As is my wont, I wandered across the road for 6 o’clock mass to find the church packed to the rafters – standing room only. And I was only a minute late. A quick scan of what knowledge I have of feast days threw no light on this unexpected crowd. Two priests stood on the altar, one who might well have been a bishop. And in front of them, on an easel draped on flowers, was a black-and-white photo of a woman about my age. She didn’t look familiar.
I caught a few words in Hungarian – something is happening in 10 days’ time and the woman in the photo died in 1944. There were other bits and pieces but I couldn’t catch it. Nuns, in habits and in plain clothes wandered around, the tell-tale gray cardigans and white blouses a giveaway. Like the Gardaí (Irish police) you can always tell them, even when they’re out of uniform. So I figured the woman in the photo might be a nun.
I did the unthinkable and skipped the queue, cutting out the priest who was giving out Communion in the half of the church I was in. I wanted to catch a name on that photo – and I did. Beata (Blessed) Sára Salkaházi (1899-1944). Her birthday would have been tomorrow.
Still clueless, I came home and Googled her and discovered what a fascinating life she had. She was a tomboy with a strong will and a mind of her own, someone who liked to play tug-of-war with the boys, who liked to joke a lot, who wrote plays and short stories. She qualified as a teacher, learned her trade as a bookbinder, and then became a journalist. And before she signed up, she had been engaged to be married.
From what I read though, she never did get to take her final vows – because she was the 1940s equivalent of a female dynamo and the sisters of the Sisters of Social Service (an order of nuns I’ve never heard of) thought that all her energy was her way of drawing attention to herself and this wasn’t exactly God-like. She was into everything to do with women and set up the first Hungarian college for working women near the Balaton. But willfully, and in spite of their narrow-mindedness, Sára lived her life with self-imposed restrictions as if she had taken her final vows anyway. I like that.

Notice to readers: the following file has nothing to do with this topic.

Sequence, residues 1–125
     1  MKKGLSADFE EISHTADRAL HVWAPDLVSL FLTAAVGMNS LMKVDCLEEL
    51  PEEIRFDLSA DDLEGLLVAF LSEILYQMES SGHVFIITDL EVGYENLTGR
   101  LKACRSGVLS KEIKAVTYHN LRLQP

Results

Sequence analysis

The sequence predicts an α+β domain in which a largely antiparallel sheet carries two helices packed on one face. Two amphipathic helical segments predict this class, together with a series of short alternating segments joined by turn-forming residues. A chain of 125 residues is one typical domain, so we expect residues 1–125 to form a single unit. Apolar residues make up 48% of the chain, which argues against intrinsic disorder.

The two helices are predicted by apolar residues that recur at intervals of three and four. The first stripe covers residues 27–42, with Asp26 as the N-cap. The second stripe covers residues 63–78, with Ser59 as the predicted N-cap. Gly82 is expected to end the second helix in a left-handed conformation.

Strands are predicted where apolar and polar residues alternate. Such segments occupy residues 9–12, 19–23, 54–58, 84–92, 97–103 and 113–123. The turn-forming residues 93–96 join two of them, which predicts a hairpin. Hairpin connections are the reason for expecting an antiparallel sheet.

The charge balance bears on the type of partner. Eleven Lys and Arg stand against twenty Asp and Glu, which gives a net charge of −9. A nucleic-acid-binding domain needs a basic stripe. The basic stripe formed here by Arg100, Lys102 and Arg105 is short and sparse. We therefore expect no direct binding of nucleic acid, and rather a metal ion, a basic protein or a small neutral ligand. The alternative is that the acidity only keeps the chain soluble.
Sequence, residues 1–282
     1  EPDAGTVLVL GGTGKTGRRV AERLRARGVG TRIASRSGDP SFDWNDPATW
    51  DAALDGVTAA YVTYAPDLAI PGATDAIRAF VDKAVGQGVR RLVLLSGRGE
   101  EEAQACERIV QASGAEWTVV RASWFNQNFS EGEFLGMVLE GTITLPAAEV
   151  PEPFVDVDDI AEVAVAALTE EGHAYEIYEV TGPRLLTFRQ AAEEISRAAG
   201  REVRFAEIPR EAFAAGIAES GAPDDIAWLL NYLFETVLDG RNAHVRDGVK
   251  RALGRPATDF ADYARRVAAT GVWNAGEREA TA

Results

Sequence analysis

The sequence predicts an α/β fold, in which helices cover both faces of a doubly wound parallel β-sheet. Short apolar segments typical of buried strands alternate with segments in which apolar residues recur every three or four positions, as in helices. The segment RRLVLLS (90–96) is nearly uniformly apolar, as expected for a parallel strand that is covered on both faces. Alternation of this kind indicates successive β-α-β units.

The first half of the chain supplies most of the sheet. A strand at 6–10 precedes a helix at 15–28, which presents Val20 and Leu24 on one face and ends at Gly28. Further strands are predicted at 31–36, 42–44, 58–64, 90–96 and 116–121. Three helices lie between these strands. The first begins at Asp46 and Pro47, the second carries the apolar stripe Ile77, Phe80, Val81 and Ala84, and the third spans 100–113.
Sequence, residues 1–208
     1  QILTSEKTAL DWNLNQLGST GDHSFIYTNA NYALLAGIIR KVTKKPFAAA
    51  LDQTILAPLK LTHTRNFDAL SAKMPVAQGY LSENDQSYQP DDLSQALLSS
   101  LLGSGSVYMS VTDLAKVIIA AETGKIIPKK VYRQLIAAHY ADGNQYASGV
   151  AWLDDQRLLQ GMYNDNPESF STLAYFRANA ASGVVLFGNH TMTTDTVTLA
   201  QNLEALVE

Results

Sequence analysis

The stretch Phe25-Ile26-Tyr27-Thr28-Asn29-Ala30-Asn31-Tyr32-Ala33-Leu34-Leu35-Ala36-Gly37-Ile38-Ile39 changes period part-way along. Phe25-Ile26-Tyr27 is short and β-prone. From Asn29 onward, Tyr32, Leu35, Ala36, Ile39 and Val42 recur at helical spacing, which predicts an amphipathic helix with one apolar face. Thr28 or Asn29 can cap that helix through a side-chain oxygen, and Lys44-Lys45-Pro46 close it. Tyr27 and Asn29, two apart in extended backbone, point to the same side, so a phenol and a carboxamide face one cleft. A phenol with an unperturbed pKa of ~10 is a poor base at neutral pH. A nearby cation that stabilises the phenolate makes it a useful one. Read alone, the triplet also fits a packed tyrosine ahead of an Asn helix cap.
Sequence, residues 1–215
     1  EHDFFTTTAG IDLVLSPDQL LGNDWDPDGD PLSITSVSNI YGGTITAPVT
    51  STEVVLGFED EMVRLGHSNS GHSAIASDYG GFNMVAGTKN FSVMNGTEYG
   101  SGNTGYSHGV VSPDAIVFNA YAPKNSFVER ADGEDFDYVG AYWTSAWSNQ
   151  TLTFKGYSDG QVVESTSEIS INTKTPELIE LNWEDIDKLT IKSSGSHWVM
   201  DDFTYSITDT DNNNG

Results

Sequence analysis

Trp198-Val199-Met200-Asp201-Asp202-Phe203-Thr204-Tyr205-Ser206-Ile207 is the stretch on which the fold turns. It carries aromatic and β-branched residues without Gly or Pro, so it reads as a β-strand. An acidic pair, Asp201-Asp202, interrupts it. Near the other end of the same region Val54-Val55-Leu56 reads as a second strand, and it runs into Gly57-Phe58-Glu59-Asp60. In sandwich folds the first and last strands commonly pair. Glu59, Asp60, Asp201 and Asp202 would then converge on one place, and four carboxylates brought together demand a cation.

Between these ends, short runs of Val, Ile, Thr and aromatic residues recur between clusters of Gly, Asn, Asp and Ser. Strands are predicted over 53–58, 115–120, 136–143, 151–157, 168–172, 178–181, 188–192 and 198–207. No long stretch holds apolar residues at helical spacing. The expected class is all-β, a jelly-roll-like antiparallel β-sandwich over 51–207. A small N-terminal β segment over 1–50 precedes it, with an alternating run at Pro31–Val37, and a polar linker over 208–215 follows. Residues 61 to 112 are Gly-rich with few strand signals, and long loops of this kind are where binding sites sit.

She set up a Catholic Women’s Association and three years before her death, was appointed National Director of the 10, 000-women-strong Hungarian Catholic Working Women’s Movement and edited its magazine, frequently writing against Nazism. She started hostels for working single women and in these hostels she hid those fleeing from the Nazis. On 27 December 1944, the Nazis descended on one of her hostels on Bokréta Street (just across the road from me and I never knew it) looking for Jews. They’d been betrayed by a woman who worked there. Sára wasn’t there at the time and could have stayed away, but she came back. And along with five others, she was arrested, taken to the banks of the Danube, and shot by the Arrow Cross. Together the sisters had saved more than 1000 people; Sára had saved 100.
She has the distinction of being the first non-aristocrat Hungarian to be beatified and I wonder when she will be canonised.
I can only imagine what the Sisters of Social Service thought when this chain-smoking, in-your-face, live-wire of a woman turned up declaring her vocation. From the little I’ve read, she seems like she was a force to be reckoned with, doing the work of ten, all the while challenging the system and standing up for what she believed to be right. That so many owe their lives to her is testament to the courage she had in her convictions and the beauty of her selflessness.
This week was a blue-arsed-fly type of week week, a good one that never let up, full of challenges and new discoveries. To end it by stumbling across one of life’s better people is a bonus. I’m grateful that there are women in the world who truly have made a difference and still do. And I’m grateful that I know (of) some of them. I’m grateful, too, that I can include Sára on my list of the dead I’d like to have to dinner. What a woman.
And to Budapest, the city that keeps on giving – ta much.